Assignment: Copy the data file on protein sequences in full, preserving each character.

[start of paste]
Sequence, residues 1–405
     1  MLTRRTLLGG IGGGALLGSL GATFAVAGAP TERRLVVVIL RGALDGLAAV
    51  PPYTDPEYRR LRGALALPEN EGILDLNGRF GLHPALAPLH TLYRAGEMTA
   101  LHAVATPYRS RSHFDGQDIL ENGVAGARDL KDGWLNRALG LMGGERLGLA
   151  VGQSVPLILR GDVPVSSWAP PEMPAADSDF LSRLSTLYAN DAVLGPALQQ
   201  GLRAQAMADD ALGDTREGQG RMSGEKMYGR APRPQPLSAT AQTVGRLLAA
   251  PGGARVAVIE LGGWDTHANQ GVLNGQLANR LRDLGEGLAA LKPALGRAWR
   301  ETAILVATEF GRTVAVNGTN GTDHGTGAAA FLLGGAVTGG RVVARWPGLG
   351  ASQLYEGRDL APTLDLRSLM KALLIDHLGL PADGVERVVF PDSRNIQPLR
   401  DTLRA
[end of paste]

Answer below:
Sequence, residues 1–405
     1  MLTRRTLLGG IGGGALLGSL GATFAVAGAP TERRLVVVIL RGALDGLAAV
    51  PPYTDPEYRR LRGALALPEN EGILDLNGRF GLHPALAPLH TLYRAGEMTA
   101  LHAVATPYRS RSHFDGQDIL ENGVAGARDL KDGWLNRALG LMGGERLGLA
   151  VGQSVPLILR GDVPVSSWAP PEMPAADSDF LSRLSTLYAN DAVLGPALQQ
   201  GLRAQAMADD ALGDTREGQG RMSGEKMYGR APRPQPLSAT AQTVGRLLAA
   251  PGGARVAVIE LGGWDTHANQ GVLNGQLANR LRDLGEGLAA LKPALGRAWR
   301  ETAILVATEF GRTVAVNGTN GTDHGTGAAA FLLGGAVTGG RVVARWPGLG
   351  ASQLYEGRDL APTLDLRSLM KALLIDHLGL PADGVERVVF PDSRNIQPLR
   401  DTLRA